18. 20. Advantages Write own materials Adapt other ODL materials Wrap-round other ODL materials or textbook <ul><li>Control of content </li></ul><ul><li>Control of future use and adaptation </li></ul><ul><li>Can sell rights to the materials </li></ul><ul><li>Faster </li></ul><ul><li>Not so expensive as writing your own </li></ul><ul><li>Can give you access to teaching expertise </li></ul><ul><li>Very fast </li></ul><ul><li>Can be quite cheap </li></ul>
  19. 21. Disadvantages Write own materials Adapt other ODL materials Wrap-round other ODL materials or textbook <ul><li>Takes longer </li></ul><ul><li>Costs more </li></ul><ul><li>Restricted in the changes you can make </li></ul><ul><li>Restricted in how you can use the materials you produce </li></ul><ul><li>May produce a clumsy learning package </li></ul><ul><li>Need to revise every time the original material is changed </li></ul><ul><li>The original material may go out of print </li></ul>
  20. 22. Deciding on how to produce a course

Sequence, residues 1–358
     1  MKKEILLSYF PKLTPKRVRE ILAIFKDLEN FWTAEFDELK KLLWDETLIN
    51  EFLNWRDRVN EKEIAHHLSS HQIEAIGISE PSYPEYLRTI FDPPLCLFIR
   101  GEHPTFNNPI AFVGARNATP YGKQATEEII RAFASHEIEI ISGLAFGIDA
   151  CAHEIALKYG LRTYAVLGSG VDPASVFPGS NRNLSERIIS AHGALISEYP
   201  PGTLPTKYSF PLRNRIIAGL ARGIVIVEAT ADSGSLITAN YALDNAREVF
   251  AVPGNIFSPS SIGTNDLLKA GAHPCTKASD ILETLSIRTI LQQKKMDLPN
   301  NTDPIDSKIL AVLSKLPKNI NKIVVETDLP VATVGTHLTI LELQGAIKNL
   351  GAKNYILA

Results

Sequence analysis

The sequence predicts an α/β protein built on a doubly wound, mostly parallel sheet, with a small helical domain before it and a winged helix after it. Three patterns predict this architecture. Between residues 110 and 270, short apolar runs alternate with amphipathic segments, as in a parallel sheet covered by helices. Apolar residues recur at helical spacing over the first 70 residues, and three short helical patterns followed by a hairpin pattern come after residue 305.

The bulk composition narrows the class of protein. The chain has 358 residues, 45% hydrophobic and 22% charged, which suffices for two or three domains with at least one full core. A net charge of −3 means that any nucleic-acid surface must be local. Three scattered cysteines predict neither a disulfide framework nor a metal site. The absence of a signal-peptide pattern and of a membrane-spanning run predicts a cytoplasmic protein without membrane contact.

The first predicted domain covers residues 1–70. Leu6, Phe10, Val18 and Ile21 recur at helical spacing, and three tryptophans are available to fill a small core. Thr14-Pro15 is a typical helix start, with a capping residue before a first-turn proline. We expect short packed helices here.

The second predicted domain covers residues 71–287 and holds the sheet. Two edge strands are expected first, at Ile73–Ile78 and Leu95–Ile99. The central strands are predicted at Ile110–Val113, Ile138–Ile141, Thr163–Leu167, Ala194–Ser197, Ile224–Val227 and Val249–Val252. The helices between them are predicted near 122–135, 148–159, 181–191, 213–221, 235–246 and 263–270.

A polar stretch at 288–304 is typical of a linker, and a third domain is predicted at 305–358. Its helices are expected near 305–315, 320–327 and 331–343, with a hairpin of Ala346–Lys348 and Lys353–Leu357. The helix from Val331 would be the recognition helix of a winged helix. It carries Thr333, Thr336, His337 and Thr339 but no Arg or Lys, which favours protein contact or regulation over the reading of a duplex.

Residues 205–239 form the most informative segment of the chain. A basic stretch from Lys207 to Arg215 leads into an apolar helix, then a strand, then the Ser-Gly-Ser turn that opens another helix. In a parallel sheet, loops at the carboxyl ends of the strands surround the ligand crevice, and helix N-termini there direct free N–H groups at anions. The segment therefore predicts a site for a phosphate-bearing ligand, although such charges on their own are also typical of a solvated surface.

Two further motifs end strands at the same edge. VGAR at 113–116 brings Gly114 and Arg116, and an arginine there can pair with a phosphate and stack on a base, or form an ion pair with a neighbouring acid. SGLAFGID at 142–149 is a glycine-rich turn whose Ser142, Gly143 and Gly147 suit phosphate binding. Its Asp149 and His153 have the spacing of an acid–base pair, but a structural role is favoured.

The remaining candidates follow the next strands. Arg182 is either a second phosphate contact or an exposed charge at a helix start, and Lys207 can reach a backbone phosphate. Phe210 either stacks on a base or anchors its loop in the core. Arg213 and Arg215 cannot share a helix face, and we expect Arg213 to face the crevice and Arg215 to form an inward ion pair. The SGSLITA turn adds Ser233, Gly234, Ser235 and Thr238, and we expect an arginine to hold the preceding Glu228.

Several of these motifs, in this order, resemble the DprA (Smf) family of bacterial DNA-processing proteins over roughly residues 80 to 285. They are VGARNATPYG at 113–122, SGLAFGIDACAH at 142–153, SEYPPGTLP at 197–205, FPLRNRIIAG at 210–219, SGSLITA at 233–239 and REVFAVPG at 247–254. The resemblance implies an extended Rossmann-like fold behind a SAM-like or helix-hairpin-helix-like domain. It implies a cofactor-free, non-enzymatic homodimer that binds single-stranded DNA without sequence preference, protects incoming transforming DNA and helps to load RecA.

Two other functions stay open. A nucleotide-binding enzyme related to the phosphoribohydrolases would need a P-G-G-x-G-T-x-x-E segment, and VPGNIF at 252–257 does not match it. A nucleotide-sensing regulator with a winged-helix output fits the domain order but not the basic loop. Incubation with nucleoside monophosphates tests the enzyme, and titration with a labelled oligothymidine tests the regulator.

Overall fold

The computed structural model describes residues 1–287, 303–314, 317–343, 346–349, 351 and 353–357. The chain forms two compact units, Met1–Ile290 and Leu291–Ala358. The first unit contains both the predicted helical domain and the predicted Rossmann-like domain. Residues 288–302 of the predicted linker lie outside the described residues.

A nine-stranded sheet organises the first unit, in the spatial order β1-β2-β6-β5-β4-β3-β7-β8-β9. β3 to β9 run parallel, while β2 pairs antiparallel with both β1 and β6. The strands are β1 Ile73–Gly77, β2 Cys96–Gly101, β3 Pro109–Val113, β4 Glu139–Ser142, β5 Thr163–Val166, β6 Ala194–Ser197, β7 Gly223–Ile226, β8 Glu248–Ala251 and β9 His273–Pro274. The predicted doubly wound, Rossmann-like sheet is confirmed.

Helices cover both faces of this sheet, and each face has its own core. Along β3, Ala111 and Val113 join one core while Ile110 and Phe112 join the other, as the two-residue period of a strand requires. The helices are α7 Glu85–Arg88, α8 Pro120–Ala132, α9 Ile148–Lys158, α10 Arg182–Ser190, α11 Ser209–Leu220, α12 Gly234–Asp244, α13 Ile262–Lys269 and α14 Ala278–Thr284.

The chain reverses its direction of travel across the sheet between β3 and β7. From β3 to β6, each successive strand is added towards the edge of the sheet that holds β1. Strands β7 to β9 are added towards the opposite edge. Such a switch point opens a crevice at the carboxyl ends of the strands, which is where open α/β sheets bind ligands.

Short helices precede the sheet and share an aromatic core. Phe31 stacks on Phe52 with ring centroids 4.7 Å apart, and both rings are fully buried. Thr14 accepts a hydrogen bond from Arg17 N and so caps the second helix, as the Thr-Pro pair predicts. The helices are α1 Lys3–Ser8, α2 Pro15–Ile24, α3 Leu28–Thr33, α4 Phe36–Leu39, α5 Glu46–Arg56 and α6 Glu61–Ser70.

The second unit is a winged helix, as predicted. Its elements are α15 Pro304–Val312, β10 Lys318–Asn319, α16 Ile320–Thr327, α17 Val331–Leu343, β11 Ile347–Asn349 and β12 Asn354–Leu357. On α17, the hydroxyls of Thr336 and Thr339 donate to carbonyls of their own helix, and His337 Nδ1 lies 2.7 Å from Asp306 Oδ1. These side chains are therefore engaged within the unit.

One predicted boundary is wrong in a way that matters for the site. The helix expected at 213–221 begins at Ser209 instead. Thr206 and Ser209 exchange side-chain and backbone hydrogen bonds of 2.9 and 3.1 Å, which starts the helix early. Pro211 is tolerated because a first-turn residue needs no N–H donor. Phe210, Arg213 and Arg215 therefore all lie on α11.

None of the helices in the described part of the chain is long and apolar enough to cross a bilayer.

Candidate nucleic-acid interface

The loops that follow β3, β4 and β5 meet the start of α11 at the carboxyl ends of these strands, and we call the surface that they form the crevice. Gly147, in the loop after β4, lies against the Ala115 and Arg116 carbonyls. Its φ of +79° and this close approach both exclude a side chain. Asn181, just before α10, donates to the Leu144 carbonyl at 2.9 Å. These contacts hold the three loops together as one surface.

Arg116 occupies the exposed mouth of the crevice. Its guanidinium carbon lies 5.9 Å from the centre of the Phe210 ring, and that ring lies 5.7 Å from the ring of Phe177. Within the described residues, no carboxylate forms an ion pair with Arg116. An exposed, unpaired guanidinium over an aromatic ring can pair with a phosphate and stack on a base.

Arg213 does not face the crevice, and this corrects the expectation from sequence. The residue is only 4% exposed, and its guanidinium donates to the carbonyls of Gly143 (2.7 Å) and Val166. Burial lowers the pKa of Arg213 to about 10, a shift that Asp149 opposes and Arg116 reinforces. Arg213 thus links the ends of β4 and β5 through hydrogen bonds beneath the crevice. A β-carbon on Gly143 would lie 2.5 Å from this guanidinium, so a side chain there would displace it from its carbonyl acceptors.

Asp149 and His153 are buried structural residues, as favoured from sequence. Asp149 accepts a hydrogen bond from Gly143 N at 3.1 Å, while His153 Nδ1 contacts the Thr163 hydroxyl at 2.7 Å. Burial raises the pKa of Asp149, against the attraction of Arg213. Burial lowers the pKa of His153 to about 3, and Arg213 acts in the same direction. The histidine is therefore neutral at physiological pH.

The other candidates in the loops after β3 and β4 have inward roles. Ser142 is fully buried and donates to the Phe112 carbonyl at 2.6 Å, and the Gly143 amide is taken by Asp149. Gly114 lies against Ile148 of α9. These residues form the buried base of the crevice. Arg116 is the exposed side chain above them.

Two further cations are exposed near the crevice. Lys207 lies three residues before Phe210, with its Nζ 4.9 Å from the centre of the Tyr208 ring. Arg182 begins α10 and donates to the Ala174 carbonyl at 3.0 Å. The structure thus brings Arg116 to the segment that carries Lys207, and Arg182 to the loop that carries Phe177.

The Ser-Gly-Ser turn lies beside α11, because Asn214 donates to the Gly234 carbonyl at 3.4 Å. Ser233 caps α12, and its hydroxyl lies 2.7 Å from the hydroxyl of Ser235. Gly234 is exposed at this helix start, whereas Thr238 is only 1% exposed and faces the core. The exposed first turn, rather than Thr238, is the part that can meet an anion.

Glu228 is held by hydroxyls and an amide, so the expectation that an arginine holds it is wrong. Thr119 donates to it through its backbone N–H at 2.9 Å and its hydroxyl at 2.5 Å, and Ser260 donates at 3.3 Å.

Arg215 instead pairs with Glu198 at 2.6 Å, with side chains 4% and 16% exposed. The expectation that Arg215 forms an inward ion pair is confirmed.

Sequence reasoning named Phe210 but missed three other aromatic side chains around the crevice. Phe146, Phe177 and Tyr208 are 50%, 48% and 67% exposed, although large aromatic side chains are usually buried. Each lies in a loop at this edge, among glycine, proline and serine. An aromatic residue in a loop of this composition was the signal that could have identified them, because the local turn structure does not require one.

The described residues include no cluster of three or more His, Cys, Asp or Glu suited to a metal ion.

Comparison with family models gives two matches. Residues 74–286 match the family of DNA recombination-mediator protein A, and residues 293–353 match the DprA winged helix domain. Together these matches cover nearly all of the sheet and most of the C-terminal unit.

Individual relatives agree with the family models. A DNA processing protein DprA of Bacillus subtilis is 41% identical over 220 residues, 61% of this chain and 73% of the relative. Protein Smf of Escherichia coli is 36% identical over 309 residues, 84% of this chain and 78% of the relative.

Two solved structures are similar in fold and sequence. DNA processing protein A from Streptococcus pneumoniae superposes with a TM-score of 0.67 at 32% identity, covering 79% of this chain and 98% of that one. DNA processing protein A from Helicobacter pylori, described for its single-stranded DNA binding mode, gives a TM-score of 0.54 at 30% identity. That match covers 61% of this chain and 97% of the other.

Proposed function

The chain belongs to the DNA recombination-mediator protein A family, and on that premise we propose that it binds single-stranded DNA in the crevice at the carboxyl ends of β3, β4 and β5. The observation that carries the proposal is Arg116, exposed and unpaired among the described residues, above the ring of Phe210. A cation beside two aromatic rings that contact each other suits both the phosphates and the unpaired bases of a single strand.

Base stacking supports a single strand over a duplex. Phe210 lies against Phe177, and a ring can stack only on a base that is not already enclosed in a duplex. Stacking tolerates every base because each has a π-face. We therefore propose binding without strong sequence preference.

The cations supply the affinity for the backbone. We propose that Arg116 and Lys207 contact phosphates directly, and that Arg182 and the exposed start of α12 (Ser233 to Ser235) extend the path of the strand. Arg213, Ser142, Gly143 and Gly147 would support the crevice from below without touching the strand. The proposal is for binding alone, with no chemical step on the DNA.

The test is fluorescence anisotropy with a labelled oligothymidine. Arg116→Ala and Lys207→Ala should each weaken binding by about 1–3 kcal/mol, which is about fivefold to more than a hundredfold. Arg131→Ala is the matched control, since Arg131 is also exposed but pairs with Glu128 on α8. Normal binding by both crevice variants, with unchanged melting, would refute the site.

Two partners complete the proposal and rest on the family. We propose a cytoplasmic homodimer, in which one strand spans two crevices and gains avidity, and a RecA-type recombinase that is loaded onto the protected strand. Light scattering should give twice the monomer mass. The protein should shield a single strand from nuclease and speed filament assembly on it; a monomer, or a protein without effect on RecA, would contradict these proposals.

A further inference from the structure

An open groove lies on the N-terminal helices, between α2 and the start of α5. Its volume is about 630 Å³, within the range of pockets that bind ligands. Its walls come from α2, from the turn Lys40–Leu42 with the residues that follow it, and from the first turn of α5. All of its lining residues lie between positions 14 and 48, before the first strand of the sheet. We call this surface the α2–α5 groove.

21. 23. What You Might Add <ul><li>Study advice </li></ul><ul><li>Activities </li></ul><ul><li>Examples </li></ul><ul><li>Self-tests </li></ul><ul><li>Summaries </li></ul><ul><li>Assessment material </li></ul><ul><li>Links to local resources </li></ul><ul><li>Case studies </li></ul><ul><li>Media elements: audio, video, a web site. </li></ul>
  22. 24. Issues in Adapting <ul><li>Copyright </li></ul><ul><li>Changes in the original version </li></ul><ul><li>Going out of print </li></ul>
  23. 25. Evaluate and Adapt Existing Materials <ul><li>Commonwealth of Learning: www.col.org/resources/weblinks/resources_edtech.htm </li></ul><ul><li>Distance Learning Course Finder: www.dlcoursefinder.com </li></ul><ul><li>Resources in Distance Education (RIDE, Athabasca University, Canada): http://ccism.pc.athabascau.ca/html/ccism/deresrce/de.htm </li></ul><ul><li>The International Centre for Distance Learning: www-icdl.open.ac.uk/ </li></ul><ul><li>UK distance learning courses: www.distance-learning.co.uk/ </li></ul><ul><li>World Wide Learn: www.worldwidelearn.com/index.html (mostly North American institutions) </li></ul>